Turkish Prime Minister Recep Tayyip Erdogan has led a delegation to Brussels to give second wind to his country’s flagging drive to join the European Union. While the standards the EU wants Turkey to adopt have encountered political obstacles there, he insisted that Ankara is making progress on reforms.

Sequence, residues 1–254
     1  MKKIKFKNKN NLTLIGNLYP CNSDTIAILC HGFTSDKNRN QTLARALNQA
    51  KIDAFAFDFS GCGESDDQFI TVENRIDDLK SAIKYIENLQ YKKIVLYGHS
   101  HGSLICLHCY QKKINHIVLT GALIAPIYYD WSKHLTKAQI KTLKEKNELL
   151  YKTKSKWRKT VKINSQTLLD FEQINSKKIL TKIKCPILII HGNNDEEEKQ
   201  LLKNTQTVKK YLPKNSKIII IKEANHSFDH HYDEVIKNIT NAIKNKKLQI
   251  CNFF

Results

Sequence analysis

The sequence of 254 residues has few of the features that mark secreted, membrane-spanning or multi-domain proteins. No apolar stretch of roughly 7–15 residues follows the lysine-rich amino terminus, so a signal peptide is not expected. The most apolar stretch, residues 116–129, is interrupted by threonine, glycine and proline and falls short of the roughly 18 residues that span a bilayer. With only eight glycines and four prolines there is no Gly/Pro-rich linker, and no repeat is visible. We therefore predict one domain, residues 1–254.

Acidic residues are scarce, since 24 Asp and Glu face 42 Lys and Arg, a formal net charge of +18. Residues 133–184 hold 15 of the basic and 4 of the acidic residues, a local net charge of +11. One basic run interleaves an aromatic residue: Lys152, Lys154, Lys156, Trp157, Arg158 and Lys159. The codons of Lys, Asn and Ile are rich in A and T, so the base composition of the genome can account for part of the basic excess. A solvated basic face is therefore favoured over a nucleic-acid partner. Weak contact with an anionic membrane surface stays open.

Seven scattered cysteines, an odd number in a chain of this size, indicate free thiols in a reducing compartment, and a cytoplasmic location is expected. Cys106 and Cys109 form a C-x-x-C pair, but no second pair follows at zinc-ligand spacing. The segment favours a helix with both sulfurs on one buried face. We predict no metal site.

In part, the negotiations are moving slowly because of some EU states’ reservations about Turkish entry — e.g.:Cyprus, France and Germany. Erdogan rejected anything short of full membership. He said: “My answer is clear: in the European Union there is no such type of association (for a candidate); for us it is out of the question. We want to be a part of the European Union. We continue to work for that. Outside full adhesion there are no other possibilities.” Accession talks with Turkey began in 2005 but only 10 out of 35 policy areas have been discussed, and others have been frozen because it refuses to open its ports and airports to the Cypriots. The EU and Turkey will launch formal talks on taxation next week but doubts persist about having the relatively poor country of 70 million people as the bloc’s first Muslim member. On their side, told to reform and being given the arm’s length treatment by some Europeans, ordinary Turks are less interested than they used to be.